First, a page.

Mosquitoes with West Nile virus have been found in Sunnyvale and Santa Clara.
The County of Santa Clara Vector Control District has confirmed the presence of West Nile virus-positive mosquitoes in ZIP codes 94085, 94086, 94087 and 95051. To reduce adult mosquito populations, Vector Control will be spraying these areas with truck-mounted equipment on Monday, July 11 at about 10 p.m. and concluding a few hours later. Vector Control has not found additional positive mosquitoes in Santa Clara County except for Milpitas where spraying occurred last week.
Beverly Perez, Vector Control community resource specialist, told San José Spotlight residents in the immediately affected areas are notified with door hangers and through AlertSCC. Vector Control also posts information on its website and social media platforms and notifies cities where treatments are scheduled.
West Nile virus can cause headaches, joint pain, vomiting and diarrhea. Perez said people with immunocompromised systems, those over the age of 50 or very young children can develop more severe symptoms like neurological damage or even die from the disease. Individuals with diabetes, high blood pressure, cancer and kidney disease are most at risk for serious complications.
Perez recommends residents take preventative measures around their homes, dumping and draining stagnant water weekly, fixing leaky faucets and not over-watering plants or lawns to reduce the amount of water available for mosquitoes to breed in. She advocates residents take the time to educate friends and family about prevention.
“In order for mosquitoes to survive, they need standing water,” she said, adding mosquitoes can breed in even the smallest pockets of water like rain gutters, in a puddle atop broken sprinkler heads or on a leaky faucet.
First detected in 2003, Vector Control has been conducting truck-mounted treatments regularly to reduce West Nile virus transmitting mosquitoes. Over the past 19 years, 7,474 people have contracted the disease in California and 359 have died, according to Vector Control. In 2015, there were 55 related fatalities in the state. In 2021, there were 12.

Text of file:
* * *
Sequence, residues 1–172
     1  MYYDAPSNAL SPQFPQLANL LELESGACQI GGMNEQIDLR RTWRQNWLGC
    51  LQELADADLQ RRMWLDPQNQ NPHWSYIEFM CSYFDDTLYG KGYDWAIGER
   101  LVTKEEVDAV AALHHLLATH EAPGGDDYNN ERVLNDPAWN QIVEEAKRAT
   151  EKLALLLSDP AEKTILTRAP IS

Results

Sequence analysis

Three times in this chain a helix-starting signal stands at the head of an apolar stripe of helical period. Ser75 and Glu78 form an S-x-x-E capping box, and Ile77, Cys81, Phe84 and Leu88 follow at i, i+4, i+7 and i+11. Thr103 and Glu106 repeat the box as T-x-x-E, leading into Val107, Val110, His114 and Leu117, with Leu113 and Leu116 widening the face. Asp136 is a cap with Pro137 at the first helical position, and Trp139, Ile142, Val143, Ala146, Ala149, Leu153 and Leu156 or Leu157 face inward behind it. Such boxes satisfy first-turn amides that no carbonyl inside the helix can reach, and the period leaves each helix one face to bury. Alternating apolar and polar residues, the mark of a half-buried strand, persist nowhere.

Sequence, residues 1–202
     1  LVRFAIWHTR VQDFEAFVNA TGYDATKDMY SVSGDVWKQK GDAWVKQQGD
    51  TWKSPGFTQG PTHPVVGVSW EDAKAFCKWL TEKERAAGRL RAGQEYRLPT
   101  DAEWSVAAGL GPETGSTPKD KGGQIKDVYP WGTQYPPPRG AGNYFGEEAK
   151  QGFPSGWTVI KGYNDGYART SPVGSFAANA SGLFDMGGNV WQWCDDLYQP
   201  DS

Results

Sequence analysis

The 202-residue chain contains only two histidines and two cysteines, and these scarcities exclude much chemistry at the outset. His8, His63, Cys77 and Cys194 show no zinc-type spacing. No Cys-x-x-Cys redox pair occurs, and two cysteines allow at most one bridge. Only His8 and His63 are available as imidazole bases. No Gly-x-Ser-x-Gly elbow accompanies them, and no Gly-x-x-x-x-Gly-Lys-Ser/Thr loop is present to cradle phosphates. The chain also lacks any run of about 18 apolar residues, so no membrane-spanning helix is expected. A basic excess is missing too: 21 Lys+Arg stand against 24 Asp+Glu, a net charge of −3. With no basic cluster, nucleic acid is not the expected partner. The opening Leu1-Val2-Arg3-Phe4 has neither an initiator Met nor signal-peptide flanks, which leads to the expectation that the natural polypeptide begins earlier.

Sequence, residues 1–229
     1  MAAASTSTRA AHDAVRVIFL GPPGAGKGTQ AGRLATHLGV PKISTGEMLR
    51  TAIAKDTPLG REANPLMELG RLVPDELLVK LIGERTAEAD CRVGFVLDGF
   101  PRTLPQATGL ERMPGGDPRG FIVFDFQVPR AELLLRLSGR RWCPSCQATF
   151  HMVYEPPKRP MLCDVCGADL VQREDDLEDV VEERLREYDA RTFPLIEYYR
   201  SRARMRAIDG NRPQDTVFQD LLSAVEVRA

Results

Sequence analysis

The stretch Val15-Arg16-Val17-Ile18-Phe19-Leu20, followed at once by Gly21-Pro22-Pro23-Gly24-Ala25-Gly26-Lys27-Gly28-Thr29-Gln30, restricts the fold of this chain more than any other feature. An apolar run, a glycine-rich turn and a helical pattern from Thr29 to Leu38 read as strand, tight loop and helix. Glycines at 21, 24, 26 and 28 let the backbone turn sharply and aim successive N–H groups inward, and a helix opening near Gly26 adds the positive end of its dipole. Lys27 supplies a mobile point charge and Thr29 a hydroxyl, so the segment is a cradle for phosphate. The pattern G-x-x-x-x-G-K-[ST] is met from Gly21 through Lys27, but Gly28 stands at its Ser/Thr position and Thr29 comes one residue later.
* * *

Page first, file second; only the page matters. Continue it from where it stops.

The district is a part of the county’s environmental health department and protects the public from any vector, be it animal or insect, that can transmit diseases to humans or animals. In addition to the transmission of West Nile virus, the agency addresses ticks that transmit lyme disease and bats that transmit rabies.
Santa Clara Councilmember Kevin Park said both West Nile virus and the spray to get rid of it are a concern and cautions residents to be careful. He suggests residents use insecticides and repellents as mosquito season is approaching.
“If you know people are spraying in the area, stay inside,” Park said. “Wait until morning when hopefully the sunlight will get rid of the spray. If you’re going out, be covered with face masks, long sleeves and long pants.”
According to Vector Control, there is no need to relocate during the spray, as mosquito treatments pose minimal risk to people, animals and the environment. Those who want to take extra precautions can keep family and pets inside during the treatment, with windows and doors shut.
Dr. Shanthi Kappagoda, infectious disease doctor with Stanford Health Care, told San José Spotlight for about 80% of West Nile virus infections, people don’t have any symptoms at all.
“Getting a mosquito bite during this time is not a reason to panic,” she said. “However about 20% of infected mosquito bites do result in an infection… which can be serious.”
She said West Nile virus symptoms are like a flu with fever, swollen glands, muscle aches, headaches and sometimes diarrhea or rash. She said in rare cases, West Nile virus can cause a brain infection or a polio-like illness with weakness of an arm or leg.
Contact Vector Control staff on the dedicated West Nile Virus Hotline at (408) 282-3114 or email questions to [email protected]
Contact Lorraine Gabbert at [email protected]
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